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We’ve invited Brian Wynne of Bond Beebe, a Maryland Accounting Firm, to share some insights on FATCA in light of the upcoming June 30 deadline.  For more great posts on taxes, estates, accounting, and finance, check out their blog: It’s Taxing.

flagsWe’ve been talking with our clients quite a bit the past few years regarding the push surrounding foreign financial reporting and the associated penalties if you don’t comply.  The Foreign Account Tax Compliance Act (FATCA) requires that you disclose all ownership of US assets in foreign accounts.  This requirement is in place both for individual taxpayers and for foreign financial institutions (which can report your holdings, even if you do not) and carries significant penalties for non-compliance – up to 50% of the value of the interest, and criminal charges may apply.

There is a deadline on the horizon: FinCEN Form 114, Report of Foreign Bank and Financial Accounts (FBAR) is due to the U.S. Department of Treasury by June 30.  In this post, we’ll provide a high-level explanation FATCA, including what types of assets you need to disclose and what forms are required.

What is FATCA and What Do I Need to Disclose?

Any person or entity subject to the jurisdiction of the United States (including individuals, corporations, partnerships, trusts, and estates) with a financial interest in, or signature or other authority over, bank accounts, securities, or other financial accounts having a value exceeding $10,000 in a foreign country, must report this relationship.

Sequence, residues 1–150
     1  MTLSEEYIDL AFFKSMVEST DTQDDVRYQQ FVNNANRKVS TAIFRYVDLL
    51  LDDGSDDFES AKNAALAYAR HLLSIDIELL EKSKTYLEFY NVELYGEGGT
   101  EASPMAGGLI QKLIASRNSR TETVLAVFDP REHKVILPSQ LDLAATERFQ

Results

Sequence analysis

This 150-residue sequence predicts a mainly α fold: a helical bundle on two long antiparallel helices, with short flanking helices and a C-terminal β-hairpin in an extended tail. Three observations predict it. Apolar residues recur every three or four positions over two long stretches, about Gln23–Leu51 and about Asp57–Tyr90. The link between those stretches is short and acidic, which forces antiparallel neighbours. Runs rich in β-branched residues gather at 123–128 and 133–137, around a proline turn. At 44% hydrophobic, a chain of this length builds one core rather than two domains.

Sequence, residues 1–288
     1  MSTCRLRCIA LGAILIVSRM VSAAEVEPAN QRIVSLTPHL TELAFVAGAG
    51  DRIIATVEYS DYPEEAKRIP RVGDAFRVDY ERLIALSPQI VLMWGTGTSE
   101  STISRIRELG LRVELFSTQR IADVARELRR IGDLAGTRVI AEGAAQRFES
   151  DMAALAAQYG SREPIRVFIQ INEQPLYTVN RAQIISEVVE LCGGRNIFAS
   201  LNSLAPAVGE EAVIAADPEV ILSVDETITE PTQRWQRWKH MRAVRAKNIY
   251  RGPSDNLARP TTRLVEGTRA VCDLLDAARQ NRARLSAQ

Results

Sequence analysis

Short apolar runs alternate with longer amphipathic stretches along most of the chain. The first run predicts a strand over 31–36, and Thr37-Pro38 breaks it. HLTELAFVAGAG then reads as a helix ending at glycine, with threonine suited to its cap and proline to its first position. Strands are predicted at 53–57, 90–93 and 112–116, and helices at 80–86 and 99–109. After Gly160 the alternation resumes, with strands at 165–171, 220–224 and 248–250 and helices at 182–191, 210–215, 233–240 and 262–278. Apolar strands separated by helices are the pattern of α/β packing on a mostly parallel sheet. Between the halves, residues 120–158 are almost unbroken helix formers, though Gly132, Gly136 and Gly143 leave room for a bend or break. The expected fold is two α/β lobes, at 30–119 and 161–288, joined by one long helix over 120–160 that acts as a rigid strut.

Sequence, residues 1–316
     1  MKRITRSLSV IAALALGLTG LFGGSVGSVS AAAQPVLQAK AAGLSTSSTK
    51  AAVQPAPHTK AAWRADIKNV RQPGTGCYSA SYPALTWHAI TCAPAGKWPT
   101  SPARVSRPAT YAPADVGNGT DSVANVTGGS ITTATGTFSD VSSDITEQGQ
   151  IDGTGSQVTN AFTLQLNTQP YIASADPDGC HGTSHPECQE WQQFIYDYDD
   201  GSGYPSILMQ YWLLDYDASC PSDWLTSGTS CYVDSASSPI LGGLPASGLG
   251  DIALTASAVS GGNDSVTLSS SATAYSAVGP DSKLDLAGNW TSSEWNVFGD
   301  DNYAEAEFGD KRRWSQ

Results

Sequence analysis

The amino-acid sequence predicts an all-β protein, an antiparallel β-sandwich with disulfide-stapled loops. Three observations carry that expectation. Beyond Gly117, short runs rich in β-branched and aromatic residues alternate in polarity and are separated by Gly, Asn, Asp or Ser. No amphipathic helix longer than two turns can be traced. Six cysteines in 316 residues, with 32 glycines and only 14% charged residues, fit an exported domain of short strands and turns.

Wait- what exactly does that mean?  Bottom line, if you are a US citizen who owns any foreign asset(s) valued at over $10,000, you must report it to the Treasury Department; the IRS threshold for reporting is $50,000.

This requirement doesn’t stop at anything that you yourself own.  You also have to file if you have direct or indirect control over a foreign or domestic entity (a company, a partnership, a trust) with foreign financial accounts, even if you yourself do not have foreign account(s). For example, a corporate-owned foreign account would require filings by the corporation and by the individual corporate officers with signature authority.

This requirement isn’t exactly new – you should have been reporting these assets since the 2012 tax year.  However, the IRS requirement for foreign financial institutions to report these assets will go into effect on May 5, 2014, which means that these banks will be required to disclose your assets, even if you haven’t.

What is a Foreign Financial Asset?

Not sure if what you own/have interest in counts as a foreign financial asset?  Here is a guide to help you determine whether or not (and what) you need to disclose:

  • Bank accounts (savings, checking, deposit) and brokerage accounts that are held at a financial institution outside the US.
  • Stocks, bonds, and other securities issued by a foreign individual or entity
  • Any interest in a foreign corporation, partnership, estate or trust
  • Any financial instrument that is issued by a non-US person, as well as any swap or similar agreement